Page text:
Here come a little surprise. As I didn’t have any old MacBook Pro close to me, I had to find a replacement. I knew that this MacBook Pro was a killer but… I have to say… I didn’t even see that one coming. Here we are, MacBook Pro vs Mac Pro. Yes, you didn’t hallucinated, I did say that I will compare this little laptop to a monster and I have to say, they fit pretty well with the other.
Here are the links of the official benchmarks:
Mac Pro (early 2008)
MacBook Pro 15″ (early 2009) using the 9400M GPU
MacBook Aluminum 13″ (early 2009)
Here’s a resume of the results with a little explanation from myself. I will take the result from the 9400M since they are more accurate.
||This one is a bit tricky. It doesn’t test the real computational power of the processor. It test how it handle it in a single threaded environment. It gives a pretty good way to show how architecture difference can influence the result.
||This test look at how much power it can get from a multi-threaded environment. Here, you can see the big difference between the two computers. I never saw a benchmark that give valid result on the first shot. Here, the results should be much higher on the Mac Pro side since the xBench is limited to 4 thread.
||The result is a direct comparison of DDR3 dual channel vs DDR2 quad channel. You can see that the DDR3 at 1066 gHz is a very good gain over the old MacBook Pro’s that used about the same memory as the Mac Pro but with only two channels. In fact, you can see that the new MacBook Pro’s memory is close to twice as fast.
||This test is about the same as a Direct2D test. It represent how the graphic card will render basic images, text and shape on the screen. The results are just as expected. The 8800 GT and the 9800 GT have the same overall performance so there’s nothing strange at seeing a 9400M GT under a 8000 GT.
|– Open GL
||This is an other strange result. How come a little 9400M GT is running as fast as a 8800 GT. I really have no clue. There is no reason for this result to be so close on both sides.
||Ah! The interesting part.
||As I say earlier, SSD’s benchmarks are very tricky to read. Here, we see that the Sequential read/write of the disk is way slower than the one from the Mac Pro. Here’s the little surprise. The Mac Pro use a Caldigit RAID card with 4 Seagate 7200.11 500 GB HDD in a RAID 5 setup. It can read an write about 270 MB/s but remember there is FOUR HDD here not just one. The details of this test show that in average, the MacBook Pro SSD is about the same speed as one Seagate 7200.11 HDD.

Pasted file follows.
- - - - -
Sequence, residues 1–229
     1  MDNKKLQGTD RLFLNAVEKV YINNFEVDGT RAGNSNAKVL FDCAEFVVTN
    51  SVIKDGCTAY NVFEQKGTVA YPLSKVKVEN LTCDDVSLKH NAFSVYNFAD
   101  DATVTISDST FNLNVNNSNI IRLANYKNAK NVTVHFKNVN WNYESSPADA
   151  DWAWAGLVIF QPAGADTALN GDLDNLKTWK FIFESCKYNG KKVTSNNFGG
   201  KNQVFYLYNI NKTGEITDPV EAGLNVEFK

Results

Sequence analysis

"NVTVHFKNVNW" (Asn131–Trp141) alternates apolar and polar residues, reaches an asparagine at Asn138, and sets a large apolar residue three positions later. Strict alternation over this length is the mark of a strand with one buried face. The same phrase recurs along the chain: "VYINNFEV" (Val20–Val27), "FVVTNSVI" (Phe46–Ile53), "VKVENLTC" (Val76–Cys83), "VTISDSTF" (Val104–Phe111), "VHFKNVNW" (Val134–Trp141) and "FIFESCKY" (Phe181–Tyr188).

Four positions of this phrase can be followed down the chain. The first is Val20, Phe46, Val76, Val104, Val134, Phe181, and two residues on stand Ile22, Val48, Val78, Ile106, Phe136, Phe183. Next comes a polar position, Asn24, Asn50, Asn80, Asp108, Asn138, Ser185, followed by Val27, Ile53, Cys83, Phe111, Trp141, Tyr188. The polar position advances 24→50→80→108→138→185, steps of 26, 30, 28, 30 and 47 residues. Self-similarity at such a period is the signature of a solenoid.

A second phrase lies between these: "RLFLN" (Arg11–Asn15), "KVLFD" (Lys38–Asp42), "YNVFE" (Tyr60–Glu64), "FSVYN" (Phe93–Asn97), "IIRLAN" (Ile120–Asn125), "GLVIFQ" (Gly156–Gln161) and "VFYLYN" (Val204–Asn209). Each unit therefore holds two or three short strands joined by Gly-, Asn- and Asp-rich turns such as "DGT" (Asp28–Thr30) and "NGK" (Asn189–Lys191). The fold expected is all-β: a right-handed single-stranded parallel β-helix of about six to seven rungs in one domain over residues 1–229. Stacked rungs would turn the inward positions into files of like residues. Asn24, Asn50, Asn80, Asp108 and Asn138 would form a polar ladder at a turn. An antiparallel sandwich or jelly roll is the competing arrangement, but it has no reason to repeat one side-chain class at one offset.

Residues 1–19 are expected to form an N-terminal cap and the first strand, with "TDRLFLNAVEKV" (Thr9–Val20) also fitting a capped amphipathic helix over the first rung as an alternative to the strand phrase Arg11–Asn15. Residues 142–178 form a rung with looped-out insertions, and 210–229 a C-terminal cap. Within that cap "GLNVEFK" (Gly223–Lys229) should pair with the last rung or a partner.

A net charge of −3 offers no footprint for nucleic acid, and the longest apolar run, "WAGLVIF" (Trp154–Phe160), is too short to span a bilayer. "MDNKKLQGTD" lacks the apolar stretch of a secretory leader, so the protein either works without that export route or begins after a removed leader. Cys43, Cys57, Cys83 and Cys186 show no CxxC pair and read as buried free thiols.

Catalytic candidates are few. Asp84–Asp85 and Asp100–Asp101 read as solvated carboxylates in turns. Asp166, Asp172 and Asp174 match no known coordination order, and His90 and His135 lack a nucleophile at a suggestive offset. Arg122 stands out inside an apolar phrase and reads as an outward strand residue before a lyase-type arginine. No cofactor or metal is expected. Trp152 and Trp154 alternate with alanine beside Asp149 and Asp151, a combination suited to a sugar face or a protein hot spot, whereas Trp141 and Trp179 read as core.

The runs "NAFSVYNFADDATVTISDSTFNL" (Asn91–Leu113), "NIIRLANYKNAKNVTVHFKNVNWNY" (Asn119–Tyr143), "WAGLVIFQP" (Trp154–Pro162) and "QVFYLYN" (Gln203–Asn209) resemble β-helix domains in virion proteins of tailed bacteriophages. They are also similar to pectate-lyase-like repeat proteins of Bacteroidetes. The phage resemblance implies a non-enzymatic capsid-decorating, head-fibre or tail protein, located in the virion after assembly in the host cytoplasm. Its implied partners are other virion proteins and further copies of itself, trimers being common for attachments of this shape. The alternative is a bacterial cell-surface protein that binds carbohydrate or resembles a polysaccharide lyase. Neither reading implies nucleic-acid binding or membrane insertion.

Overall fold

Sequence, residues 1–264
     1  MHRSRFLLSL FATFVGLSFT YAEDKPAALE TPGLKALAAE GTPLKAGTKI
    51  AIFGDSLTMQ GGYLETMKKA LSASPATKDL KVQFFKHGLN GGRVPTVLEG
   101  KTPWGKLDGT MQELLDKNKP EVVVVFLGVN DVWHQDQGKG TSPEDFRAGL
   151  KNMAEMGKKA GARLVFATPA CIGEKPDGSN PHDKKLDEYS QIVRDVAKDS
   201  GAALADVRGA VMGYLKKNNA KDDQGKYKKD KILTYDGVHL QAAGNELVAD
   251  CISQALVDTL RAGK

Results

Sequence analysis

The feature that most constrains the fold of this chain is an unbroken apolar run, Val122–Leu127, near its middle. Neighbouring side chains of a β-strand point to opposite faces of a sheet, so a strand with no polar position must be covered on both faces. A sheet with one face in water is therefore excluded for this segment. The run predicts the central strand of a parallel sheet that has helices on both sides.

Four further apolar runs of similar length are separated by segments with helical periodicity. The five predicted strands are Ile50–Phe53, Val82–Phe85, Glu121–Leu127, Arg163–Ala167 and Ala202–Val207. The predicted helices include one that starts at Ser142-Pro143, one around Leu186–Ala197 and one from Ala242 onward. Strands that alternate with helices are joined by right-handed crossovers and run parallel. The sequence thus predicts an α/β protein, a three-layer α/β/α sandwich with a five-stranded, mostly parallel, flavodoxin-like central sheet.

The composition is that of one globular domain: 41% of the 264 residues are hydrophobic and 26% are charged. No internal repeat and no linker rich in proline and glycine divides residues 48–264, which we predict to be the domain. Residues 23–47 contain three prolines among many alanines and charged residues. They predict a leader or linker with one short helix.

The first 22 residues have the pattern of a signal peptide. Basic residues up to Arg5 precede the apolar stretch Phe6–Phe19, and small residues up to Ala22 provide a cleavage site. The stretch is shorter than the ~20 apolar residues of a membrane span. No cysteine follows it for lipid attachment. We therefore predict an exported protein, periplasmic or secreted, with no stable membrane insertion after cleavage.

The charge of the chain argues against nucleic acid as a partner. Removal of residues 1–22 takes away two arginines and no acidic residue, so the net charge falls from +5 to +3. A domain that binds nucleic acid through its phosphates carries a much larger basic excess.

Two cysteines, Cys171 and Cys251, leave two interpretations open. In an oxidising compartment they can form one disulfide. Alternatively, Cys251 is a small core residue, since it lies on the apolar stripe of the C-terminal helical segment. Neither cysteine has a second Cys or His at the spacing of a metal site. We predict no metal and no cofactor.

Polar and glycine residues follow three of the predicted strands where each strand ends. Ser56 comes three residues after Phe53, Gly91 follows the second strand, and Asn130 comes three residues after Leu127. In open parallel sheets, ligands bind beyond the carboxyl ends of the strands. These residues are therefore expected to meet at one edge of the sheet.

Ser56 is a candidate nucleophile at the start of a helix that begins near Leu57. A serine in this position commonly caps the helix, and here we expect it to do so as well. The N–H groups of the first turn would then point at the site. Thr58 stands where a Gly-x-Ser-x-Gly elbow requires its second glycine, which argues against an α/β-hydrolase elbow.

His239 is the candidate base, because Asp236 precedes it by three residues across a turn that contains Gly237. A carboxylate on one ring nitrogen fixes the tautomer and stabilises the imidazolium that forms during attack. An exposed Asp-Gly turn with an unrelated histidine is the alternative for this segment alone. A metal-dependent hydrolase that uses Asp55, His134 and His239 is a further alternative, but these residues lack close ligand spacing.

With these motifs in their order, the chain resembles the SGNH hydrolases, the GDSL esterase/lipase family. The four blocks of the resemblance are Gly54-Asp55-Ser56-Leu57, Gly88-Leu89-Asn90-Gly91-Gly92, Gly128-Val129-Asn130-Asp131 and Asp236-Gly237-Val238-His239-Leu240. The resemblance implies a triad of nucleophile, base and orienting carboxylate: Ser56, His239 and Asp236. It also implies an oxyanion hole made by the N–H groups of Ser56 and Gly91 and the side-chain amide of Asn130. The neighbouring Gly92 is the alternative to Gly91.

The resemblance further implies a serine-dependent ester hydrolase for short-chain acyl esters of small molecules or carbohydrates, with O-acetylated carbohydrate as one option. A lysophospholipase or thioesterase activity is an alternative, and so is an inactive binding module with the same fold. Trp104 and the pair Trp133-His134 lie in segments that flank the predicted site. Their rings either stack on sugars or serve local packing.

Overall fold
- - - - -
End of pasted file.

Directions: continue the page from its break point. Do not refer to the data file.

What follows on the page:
||That’s where we can really the SSD shine. See? Not even 4 of the faster HDD’s in the world (actually in the top 10) can come close to one single SSD. The read and write speed are up to 16x faster than only one of the HDD.
There is no way a simple laptop cpu could compare to the dual Xeon on the Mac Pro so what went wrong? In fact it seams xBench has a little trouble with newer computer. This little guy could not even peek both machine CPU’s for a tenth of a second. I don’t know how it test CPU speed but it’s probably not a good way and there might be some serious issues in the other tests too. So How do you have to interpret those results. Just say that everywhere you could do more if you do it more time simultaneously, the result will double on the Mac Pro’s side but should stay quite the same on the MacBook Pro.
Now let’s talk a bit more about the storage test suites. The Apple SSD is as fast as one of the best HDD in sequential access and is up to 16x faster than the same HDD in random access. An other important detail, the default 320 GB HDD in the MacBook Pro has about half the speed than the other HDD’s used in this test. That means that by adding a little $300 to your budget, you’ll get a 32x speed boost in your every day use. You should then choose this option over 8 GB of ram or a faster processor since it has a better value.
If you plan on getting a MacBook Pro, take the SSD. This is final. It’s not even a choice, it’s a necessity. Next week, I’ll add some other benchmarks in this review. They are real life example so they take more time to plan and process than any other benchmarks. Those tests will include a boot time comparison with the Mac Pro and it’s monstrous RAID array and a laptop that use a HDD from the same series as the standard MacBook Pro.
Update 30 June 2009 11:47
I finally posted some benchmark results. If you are interested in a specific value that is not present in the list, just ask using whatever means of communication you’d prefer. I’m also open to suggestions about hardware comparison.
See you next week